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The AAPG/Datapages Combined Publications Database

AAPG Bulletin


Volume: 65 (1981)

Issue: 7. (July)

First Page: 1358

Last Page: 1358

Title: Late Triassic-Jurassic Paleogeography and Origin of Gulf of Mexico: ABSTRACT

Author(s): Amos Salvador

Article Type: Meeting abstract


A step-by-step reconstruction of the paleogeography of the Gulf of Mexico and surrounding areas suggests that the basic structural and stratigraphic framework of the region was established by events during the Late Triassic and the Jurassic. Cretaceous and Tertiary events only accentuated and modified this framework. During the Late Triassic and Early Jurassic, continental conditions prevailed over most of the southern part of the North American plate. Marine deposition was restricted to parts of western and central Mexico that were covered by embayments of the Pacific Ocean. As the super-continent of Pangea began to crack and break up in the Late Triassic and as the North American plate started to separate from the South American and African plates, tensional grabens beg n to form. They were filled with red beds and volcanic rocks.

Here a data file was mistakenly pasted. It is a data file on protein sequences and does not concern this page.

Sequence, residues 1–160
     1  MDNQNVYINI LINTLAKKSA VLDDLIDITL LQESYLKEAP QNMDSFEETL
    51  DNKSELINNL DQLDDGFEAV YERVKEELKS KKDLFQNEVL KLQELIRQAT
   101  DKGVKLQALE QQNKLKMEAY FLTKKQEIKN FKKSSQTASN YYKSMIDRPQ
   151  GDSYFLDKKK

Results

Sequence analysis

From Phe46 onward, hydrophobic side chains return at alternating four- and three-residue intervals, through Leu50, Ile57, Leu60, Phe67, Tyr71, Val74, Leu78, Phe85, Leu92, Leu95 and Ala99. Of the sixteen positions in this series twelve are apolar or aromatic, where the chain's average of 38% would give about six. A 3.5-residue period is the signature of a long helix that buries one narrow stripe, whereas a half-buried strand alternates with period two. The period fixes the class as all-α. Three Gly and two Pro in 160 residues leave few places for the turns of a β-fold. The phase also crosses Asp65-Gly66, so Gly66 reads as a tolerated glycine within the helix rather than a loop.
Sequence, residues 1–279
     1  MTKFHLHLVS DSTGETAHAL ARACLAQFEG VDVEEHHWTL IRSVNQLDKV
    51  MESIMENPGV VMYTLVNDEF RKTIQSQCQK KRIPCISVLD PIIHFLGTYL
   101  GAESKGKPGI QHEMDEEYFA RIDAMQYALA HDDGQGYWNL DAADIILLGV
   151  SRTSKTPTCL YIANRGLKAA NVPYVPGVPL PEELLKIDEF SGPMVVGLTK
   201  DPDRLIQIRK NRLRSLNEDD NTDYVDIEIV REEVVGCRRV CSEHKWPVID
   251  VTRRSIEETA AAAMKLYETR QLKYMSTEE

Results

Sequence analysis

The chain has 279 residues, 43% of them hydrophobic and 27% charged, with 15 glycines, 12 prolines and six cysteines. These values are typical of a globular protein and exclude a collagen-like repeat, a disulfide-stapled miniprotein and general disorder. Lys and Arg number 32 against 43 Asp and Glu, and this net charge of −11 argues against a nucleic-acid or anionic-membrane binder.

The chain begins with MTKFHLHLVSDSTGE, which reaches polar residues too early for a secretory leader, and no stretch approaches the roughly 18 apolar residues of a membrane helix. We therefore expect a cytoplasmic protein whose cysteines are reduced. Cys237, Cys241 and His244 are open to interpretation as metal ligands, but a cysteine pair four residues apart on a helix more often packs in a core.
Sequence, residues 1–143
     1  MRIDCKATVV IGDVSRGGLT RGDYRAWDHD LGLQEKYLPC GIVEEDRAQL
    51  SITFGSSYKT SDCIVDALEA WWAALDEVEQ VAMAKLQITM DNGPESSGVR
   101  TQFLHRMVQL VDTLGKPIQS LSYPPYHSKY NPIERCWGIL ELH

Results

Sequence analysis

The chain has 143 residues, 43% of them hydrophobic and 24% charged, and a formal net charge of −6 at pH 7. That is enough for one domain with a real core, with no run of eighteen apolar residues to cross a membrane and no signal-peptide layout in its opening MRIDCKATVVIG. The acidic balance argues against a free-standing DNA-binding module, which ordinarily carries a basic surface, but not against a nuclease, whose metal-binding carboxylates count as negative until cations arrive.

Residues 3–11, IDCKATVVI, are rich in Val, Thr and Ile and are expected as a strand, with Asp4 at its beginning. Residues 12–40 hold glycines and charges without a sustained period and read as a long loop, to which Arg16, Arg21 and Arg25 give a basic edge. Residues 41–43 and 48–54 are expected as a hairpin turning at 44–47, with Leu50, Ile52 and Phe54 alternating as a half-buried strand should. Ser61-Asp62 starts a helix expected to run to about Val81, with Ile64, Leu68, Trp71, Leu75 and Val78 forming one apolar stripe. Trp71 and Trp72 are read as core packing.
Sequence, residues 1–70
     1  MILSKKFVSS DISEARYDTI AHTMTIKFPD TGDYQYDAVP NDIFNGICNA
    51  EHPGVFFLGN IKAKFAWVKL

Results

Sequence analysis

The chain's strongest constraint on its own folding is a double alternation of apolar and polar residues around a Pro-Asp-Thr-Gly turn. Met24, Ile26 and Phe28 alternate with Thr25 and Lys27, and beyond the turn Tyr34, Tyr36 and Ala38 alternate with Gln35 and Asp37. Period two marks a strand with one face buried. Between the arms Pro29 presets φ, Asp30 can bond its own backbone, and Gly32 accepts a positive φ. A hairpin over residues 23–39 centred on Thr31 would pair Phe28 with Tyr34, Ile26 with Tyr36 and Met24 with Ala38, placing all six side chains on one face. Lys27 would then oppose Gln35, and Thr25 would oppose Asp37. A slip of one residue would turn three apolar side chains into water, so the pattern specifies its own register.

It was not until late in the Middle Jurassic (Callovian) that Pacific marine waters began to reach the Gulf of Mexico area across central Mexico. These marine waters flooded intermittently the preexisting grabens and, between floods, evaporated to produce extensive salt deposits (Louann Salt). The salt varied markedly in thickness according to the rate of subsidence in the grabens. Little or no salt was formed in the intervening high areas. During the Late Jurassic, marine waters from the Pacific progressively covered an increasingly large part of the Gulf of Mexico and surrounding areas as a result of continued subsidence, sea-level rise, or both. Connection with the Atlantic, however, was not established until late Kimmeridgian or Tithonian time.

On the basis of these paleogeographic data, it is possible to speculate that in the Late Triassic and Early Jurassic the Yucatan continental block was located roughly 300 km north-northwest of its present position, and that it was a part of the large North American plate. As the North American plate began to drift northwestward, the Yucatan block seems to have been "left behind." The separation of the Yucatan block from the main North American plate probably started in the Late Triassic, continued slowly and sporadically during the Early and Middle Jurassic, and quickened after the formation of the extensive Callovian salt deposits. By the close of the Oxfordian the Yucatan block had reached essentially its present position, and the Gulf of Mexico had been born.

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